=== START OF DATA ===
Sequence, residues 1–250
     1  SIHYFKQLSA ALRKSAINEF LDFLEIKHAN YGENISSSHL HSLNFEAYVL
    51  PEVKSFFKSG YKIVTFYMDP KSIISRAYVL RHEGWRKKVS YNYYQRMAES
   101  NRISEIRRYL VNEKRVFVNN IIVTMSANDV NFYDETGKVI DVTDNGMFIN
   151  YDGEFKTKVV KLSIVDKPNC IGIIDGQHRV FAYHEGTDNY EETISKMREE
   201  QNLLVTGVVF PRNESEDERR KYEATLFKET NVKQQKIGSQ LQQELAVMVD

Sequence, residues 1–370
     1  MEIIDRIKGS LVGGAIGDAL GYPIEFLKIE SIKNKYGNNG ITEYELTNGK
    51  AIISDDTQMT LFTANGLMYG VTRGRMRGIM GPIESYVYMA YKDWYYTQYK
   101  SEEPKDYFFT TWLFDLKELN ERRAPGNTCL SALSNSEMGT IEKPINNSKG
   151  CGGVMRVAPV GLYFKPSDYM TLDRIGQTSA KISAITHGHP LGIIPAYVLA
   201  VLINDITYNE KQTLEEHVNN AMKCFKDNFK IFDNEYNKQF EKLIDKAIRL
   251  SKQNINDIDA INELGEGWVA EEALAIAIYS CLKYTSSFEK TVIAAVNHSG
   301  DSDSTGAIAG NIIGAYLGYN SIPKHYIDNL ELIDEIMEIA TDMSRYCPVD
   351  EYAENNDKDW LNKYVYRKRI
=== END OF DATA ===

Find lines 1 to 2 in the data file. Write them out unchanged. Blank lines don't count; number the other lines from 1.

Sequence, residues 1–250
     1  SIHYFKQLSA ALRKSAINEF LDFLEIKHAN YGENISSSHL HSLNFEAYVL